my last blogpost, I attended an excellent symposium on waste in research this week. A recurring theme was research that never got published. Rosalind Smyth described her experience of sitting on the funding panel of a medium-sized charity. The panel went to great pains to select the most promising projects, and would end a meeting with a sense of excitement about the great work that they were able to fund. A few years down the line, though, they'd find that many of the funds had been squandered. The work had either not been done, or had been completed but not published.
In order to tackle this problem, we need to understand the underlying causes. Sometimes, as Robert Burns noted, the best-laid schemes go wrong. Until you've tried to run a few research projects, it's hard to imagine the myriad different ways in which life can conspire to mess up your plans. The eight laws of psychological research formulated by Hodgson and Rollnick are as true today as they were 25 years ago.
But much research remains unpublished despite being completed. Reasons are multiple, and the strategies needed to overcome them are varied, but here is my list of the top three problems and potential solutions.
Probably the commonest reason for inconclusive results is lack of statistical power. A study is undertaken in the fond hope that a difference will be found between condition X and condition Y, and if the difference is found, there is great rejoicing and a rush to publish. A negative result should also be of interest, provided the study was well-designed and adequately motivated. But if the sample is small, then we can't be sure whether our failure to observe the effect is because it is absent: a real but small effect could be swamped by noise.
I think the solution to this problem lies in the hands of funding panels and researchers: quite simply, they need to take statistical power very seriously indeed and to consider carefully whether anything will be learned from a study if the anticipated effects are not obtained. If not, then the research needs to be rethought. In the fields of genetics and clinical trials, it is now recognised that multicentre collaborations are the way forward to ensure that studies are conducted with sufficient power to obtain a conclusive result.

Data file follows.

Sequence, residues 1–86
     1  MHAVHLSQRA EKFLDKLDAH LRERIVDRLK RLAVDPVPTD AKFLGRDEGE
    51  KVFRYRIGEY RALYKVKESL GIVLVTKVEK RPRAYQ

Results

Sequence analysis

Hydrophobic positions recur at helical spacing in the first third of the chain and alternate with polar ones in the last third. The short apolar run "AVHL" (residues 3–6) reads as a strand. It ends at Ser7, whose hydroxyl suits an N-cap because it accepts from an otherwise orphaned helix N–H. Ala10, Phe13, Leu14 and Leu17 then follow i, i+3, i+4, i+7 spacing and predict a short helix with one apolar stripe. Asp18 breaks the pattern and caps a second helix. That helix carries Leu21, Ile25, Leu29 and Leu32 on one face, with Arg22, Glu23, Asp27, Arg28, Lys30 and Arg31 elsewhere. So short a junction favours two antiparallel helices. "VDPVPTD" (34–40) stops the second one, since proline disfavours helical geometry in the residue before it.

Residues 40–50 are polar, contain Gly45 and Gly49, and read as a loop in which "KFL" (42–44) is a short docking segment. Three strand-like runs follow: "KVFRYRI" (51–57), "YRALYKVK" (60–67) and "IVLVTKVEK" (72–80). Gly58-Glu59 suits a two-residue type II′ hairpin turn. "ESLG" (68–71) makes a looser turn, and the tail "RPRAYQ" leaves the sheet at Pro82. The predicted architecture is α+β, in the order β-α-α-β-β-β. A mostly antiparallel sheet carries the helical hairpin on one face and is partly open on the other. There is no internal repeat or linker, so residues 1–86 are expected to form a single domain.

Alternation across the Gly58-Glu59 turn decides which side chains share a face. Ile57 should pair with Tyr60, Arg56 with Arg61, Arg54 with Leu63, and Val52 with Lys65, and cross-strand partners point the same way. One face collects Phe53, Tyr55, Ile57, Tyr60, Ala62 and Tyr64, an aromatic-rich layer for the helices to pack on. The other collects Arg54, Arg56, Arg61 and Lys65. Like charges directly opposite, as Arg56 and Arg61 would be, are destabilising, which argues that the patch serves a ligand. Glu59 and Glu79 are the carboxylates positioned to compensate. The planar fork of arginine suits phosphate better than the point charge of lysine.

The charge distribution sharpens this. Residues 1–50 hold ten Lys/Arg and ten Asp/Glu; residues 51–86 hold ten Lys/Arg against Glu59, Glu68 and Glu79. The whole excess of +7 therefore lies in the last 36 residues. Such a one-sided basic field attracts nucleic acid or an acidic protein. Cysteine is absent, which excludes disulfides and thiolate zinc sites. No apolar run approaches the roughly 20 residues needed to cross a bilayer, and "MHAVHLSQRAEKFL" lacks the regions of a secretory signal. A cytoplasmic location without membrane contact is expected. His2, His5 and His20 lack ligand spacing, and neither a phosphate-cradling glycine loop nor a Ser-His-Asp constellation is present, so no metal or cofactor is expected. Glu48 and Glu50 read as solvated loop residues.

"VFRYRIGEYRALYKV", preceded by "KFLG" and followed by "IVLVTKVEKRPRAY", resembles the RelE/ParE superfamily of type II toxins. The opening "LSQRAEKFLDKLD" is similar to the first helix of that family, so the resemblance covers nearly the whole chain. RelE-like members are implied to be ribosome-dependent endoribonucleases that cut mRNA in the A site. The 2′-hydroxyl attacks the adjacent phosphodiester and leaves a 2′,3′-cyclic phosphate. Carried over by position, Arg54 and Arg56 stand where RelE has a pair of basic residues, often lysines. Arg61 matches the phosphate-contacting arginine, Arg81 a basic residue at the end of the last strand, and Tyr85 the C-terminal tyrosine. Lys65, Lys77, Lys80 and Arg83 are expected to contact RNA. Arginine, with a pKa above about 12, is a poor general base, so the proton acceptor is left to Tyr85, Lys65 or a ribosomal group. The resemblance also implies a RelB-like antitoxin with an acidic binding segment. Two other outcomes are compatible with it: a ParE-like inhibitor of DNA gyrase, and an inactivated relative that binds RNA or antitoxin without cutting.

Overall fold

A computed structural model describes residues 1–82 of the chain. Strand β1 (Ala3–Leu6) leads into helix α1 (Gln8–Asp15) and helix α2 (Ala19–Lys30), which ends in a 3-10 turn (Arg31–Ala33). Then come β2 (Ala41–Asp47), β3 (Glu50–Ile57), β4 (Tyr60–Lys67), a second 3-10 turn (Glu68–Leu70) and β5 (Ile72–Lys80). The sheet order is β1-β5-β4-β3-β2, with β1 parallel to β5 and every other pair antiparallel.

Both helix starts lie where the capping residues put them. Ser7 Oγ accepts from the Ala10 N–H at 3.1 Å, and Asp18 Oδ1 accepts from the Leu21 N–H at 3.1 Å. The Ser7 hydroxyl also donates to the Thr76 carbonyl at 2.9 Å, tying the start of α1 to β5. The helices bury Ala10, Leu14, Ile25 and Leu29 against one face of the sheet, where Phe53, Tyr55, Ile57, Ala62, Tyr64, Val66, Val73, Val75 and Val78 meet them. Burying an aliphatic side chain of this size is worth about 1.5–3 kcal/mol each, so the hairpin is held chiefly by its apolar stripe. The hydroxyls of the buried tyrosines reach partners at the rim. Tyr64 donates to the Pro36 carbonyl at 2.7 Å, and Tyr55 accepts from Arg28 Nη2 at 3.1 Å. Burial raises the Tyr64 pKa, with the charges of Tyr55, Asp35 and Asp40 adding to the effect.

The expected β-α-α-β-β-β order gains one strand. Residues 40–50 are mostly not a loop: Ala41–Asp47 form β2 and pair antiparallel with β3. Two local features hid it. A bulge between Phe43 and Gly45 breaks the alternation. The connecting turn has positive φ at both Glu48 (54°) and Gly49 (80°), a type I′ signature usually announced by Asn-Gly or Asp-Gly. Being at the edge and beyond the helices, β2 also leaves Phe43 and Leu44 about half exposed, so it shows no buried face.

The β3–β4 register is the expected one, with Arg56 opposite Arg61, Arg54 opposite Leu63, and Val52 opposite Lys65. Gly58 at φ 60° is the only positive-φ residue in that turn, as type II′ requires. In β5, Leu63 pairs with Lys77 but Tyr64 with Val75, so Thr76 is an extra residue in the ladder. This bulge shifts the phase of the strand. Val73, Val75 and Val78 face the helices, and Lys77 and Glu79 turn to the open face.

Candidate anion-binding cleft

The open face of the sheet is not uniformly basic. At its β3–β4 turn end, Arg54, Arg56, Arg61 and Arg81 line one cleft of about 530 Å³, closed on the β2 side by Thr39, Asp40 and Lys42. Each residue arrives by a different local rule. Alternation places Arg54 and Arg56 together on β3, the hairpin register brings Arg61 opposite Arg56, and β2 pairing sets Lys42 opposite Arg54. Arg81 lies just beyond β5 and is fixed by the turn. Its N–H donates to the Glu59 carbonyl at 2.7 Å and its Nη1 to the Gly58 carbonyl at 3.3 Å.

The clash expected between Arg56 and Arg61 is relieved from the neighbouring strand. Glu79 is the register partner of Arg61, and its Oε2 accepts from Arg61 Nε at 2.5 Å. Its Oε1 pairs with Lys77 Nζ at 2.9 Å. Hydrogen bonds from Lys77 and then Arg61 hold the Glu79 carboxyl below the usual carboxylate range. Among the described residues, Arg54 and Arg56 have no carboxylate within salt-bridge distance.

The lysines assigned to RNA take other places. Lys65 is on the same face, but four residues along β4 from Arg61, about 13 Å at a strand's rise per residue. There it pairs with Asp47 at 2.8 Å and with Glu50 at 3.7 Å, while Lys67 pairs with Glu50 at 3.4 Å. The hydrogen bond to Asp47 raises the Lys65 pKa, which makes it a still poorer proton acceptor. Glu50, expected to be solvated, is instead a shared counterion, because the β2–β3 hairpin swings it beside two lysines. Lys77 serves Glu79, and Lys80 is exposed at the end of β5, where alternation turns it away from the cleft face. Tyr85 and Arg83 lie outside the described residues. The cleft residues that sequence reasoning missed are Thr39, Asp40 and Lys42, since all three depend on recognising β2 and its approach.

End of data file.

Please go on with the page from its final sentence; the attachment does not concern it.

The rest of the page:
Rejection of completed work by journals
Even well-conducted and adequately powered studies may be rejected by journals if the results are not deemed to be exciting. To solve this problem, we must look to journals. We need recognition that - provided a study is methodologically strong and well-motivated - negative results can be as informative as positive ones. Otherwise we are doomed to waste time and money pursuing false leads. As Paul Glasziou has emphasised, failure is part of the research process. It is important to tell people about what doesn't work if we are not to repeat our mistakes.
We do now have some journals that will publish negative results, and there is a growing move toward pre-registration of studies, with guaranteed publication if the methods meet quality criteria. But there is still a lot to be done, and we need a radical change of mindset about what kinds of research results are valuable.
Lack of time
Here, I lay the blame squarely on the incentive structures that operate in universities. To get a job, or to get promoted, you need to demonstrate that you can pull in research income. In many UK institutions this is quite explicit, and promotions criteria may give a specific figure to aim for of X thousand pounds research income per annum. There are few UK universities whose strategic plan does not include a statement about increasing research funding. This has changed the culture dramatically; as Fergus Millar put it: "in the modern British university, it is not that funding is sought in order to carry out research, but that research projects are formulated in order to get funding".
Of course, for research to thrive, our Universities need people who can compete for funding to support their work. But the acquisition of funding has become an end in itself, rather than a means to an end. This has the pernicious effect of driving people to apply for grant after grant, without adequately budgeting for the time it takes to analyse and write up research, or indeed to carefully think about what they are doing. As I argued previously, even junior researchers these days have an 'academic backlog' of unwritten papers.